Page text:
Guyana has asked the International Court of Justice (ICJ) to reject Venezuela’s preliminary objections in the ongoing border controversy case as they are “legally unsupportable” and “entirely without foundation.”
Venezuela, in its late submission on Thursday, argued that the United Kingdom (UK) should be a party to the case since it was party to the Arbitral Award of 3rd October 1899 when the territory was “given” to Guyana, and asked the World Court to dismiss the substantive case.
In opening arguments on Friday, Guyana’s Agent, Carl Greenidge, told the World Court that “The preliminary objections appear to be a device intended to derail and delay the Court’s determination of the merits of Guyana’s claims.”
To cement Guyana’s case, World Court President Judge Joan E. Donoghue and other judges heard from Professor Pierre d’Argent who argued that Venezuela’s preliminary objections are “procedurally infrequent” and therefore inadmissible in light of the Court’s order of 19th of June, 2018, governing submissions and filings. Building on this, Christina L. Beharry argued that Venezuela’s objections conflict with the judgement of 18th of December, 2020, when the Court determined it has jurisdiction to hear the case, which is Res Judicata. And that, to uphold those objections would be contrary to the statute.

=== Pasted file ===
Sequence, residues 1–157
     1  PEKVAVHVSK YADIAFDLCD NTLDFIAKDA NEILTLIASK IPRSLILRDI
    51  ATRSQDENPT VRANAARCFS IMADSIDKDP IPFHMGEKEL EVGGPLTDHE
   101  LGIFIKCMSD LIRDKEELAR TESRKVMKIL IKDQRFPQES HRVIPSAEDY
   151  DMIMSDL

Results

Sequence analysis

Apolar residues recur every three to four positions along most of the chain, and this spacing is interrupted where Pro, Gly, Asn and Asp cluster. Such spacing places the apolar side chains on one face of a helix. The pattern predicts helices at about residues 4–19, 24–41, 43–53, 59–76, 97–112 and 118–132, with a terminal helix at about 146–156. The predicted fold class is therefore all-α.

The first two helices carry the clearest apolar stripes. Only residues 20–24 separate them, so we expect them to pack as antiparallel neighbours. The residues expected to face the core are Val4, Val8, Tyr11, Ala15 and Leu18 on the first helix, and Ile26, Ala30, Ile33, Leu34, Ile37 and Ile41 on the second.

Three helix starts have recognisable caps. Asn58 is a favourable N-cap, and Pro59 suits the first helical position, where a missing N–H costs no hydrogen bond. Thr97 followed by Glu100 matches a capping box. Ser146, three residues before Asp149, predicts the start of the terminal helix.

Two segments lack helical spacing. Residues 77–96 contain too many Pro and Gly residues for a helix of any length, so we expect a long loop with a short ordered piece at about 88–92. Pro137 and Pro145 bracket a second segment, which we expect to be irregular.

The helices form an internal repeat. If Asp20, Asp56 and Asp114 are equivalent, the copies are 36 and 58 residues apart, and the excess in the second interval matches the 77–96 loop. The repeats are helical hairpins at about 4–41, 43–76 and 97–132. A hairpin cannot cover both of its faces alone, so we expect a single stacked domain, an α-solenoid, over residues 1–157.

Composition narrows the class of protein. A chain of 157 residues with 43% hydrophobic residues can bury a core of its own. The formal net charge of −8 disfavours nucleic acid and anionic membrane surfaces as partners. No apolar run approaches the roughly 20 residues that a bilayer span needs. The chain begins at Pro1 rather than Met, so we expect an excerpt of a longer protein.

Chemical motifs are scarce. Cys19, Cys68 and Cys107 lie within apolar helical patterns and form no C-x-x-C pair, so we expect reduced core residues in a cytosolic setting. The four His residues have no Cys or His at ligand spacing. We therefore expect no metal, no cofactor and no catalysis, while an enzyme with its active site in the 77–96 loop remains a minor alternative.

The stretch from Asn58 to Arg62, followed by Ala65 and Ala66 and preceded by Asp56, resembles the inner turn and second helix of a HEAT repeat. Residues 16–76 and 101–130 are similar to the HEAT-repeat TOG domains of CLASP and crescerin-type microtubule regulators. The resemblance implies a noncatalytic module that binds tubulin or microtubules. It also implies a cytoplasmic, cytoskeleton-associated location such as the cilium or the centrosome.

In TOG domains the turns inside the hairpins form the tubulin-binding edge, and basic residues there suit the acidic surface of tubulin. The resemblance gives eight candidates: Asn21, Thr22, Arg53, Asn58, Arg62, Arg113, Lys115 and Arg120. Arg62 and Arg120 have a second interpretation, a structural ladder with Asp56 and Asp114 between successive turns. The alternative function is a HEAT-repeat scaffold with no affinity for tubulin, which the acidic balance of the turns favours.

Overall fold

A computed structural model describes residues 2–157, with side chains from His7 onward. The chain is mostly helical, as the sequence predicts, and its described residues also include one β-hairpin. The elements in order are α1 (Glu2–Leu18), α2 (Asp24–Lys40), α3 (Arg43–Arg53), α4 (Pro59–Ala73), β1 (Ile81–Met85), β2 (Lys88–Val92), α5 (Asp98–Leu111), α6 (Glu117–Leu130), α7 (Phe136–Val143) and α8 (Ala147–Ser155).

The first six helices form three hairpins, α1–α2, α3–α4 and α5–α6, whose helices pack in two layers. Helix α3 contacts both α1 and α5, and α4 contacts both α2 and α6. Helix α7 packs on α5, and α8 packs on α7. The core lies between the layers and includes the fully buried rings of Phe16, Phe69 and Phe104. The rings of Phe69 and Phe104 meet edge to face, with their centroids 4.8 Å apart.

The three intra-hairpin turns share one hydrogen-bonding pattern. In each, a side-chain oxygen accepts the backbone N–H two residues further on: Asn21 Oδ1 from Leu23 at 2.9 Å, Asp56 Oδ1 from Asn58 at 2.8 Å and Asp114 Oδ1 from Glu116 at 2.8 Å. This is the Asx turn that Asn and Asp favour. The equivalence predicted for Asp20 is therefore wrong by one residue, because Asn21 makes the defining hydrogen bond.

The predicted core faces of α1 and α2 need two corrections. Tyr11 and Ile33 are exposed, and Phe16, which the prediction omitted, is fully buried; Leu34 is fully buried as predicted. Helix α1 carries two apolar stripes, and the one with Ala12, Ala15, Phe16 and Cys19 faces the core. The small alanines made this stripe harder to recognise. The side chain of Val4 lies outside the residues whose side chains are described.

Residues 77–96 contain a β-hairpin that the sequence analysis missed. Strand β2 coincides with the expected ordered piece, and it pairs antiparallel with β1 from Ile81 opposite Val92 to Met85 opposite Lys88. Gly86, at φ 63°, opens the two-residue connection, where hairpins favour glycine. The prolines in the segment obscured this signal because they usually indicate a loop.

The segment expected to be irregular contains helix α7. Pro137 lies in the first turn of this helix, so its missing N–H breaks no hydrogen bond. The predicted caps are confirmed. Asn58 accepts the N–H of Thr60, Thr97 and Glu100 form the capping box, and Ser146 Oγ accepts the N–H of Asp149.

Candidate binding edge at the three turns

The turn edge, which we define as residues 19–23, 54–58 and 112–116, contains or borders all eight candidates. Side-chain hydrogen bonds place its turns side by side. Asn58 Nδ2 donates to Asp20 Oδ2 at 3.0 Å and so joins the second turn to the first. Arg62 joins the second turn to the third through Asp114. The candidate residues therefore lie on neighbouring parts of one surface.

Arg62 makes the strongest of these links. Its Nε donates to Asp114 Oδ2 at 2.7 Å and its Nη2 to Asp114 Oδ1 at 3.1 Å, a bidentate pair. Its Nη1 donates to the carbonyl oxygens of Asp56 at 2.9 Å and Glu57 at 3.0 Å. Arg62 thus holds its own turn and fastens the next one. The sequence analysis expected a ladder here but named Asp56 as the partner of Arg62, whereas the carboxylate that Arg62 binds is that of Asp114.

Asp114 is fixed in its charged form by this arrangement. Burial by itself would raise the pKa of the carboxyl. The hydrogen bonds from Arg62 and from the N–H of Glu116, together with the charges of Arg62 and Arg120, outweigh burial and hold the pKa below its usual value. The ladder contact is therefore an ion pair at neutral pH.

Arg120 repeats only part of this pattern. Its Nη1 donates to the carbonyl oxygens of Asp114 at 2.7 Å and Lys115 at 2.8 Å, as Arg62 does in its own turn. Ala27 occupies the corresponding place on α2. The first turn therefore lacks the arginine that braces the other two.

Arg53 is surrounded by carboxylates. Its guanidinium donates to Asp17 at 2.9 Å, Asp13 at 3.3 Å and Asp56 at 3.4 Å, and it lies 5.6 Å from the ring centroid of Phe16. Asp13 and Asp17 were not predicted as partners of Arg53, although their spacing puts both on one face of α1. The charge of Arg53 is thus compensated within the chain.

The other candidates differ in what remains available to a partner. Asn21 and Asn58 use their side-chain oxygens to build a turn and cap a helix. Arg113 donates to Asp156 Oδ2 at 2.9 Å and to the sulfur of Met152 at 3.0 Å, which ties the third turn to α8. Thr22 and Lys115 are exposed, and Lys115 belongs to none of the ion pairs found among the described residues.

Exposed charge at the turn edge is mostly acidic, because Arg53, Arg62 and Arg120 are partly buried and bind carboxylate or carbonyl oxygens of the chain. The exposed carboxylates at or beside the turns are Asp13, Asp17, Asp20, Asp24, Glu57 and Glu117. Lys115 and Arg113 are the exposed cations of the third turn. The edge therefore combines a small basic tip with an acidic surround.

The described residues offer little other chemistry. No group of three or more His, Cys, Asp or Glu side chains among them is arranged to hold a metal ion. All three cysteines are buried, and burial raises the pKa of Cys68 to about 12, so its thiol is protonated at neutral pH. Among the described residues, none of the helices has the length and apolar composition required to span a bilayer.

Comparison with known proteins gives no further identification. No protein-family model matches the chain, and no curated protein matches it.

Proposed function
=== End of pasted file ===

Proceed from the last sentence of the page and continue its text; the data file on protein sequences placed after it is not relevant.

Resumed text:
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Paul S. Reichler focused on the merits of Venezuela’s preliminary objections, addressing the legal standard under the Monetary Gold line of cases. Reichler argued that the UK is not an indispensable third party to the proceedings. He argued too that the UK has no legal interest that will be affected by the World Court’s judgment.
Professor Phillip Sands closed Guyana’s first round of arguments by responding directly to specific allegations made by Venezuela regarding the invalidity of the 1899 Arbitral Awards.
The case will continue Monday, November 21, 2022.
Guyana expects a final judgment that the 1899 Arbitral Award, which established the location of the land boundary between then British Guiana and Venezuela, remains valid and that the Essequibo region belongs to Guyana and not its Spanish-speaking neighbour.
Guyana’s legal team also consists of; Sir Shridath Ramphal, OE, OCC, KC, Co-Agent and Counsel, Mr. Alain Pellet, Professor Emeritus of the University Paris Nanterre, former Chairman of the International Law Commission, member of the Institut de Droit international, Mr. Payam Akhavan, LLM, SJD (Harvard University), Professor of International Law, Senior Fellow, Massey College, University, of Toronto, member of the Bar of New York and the Law Society of Ontario, member of the Permanent Court of Arbitration, Mr. Edward Craven, Barrister, Matrix Chambers, London, Mr. Juan Pablo Hugues Arthur, Foley Hoag LLP, member of the Bar of the State of New York, Ms. Isabella F. Uria, Attorney–at-Law and Foley Hoag LLP, member of the Bar of the District of Columbia.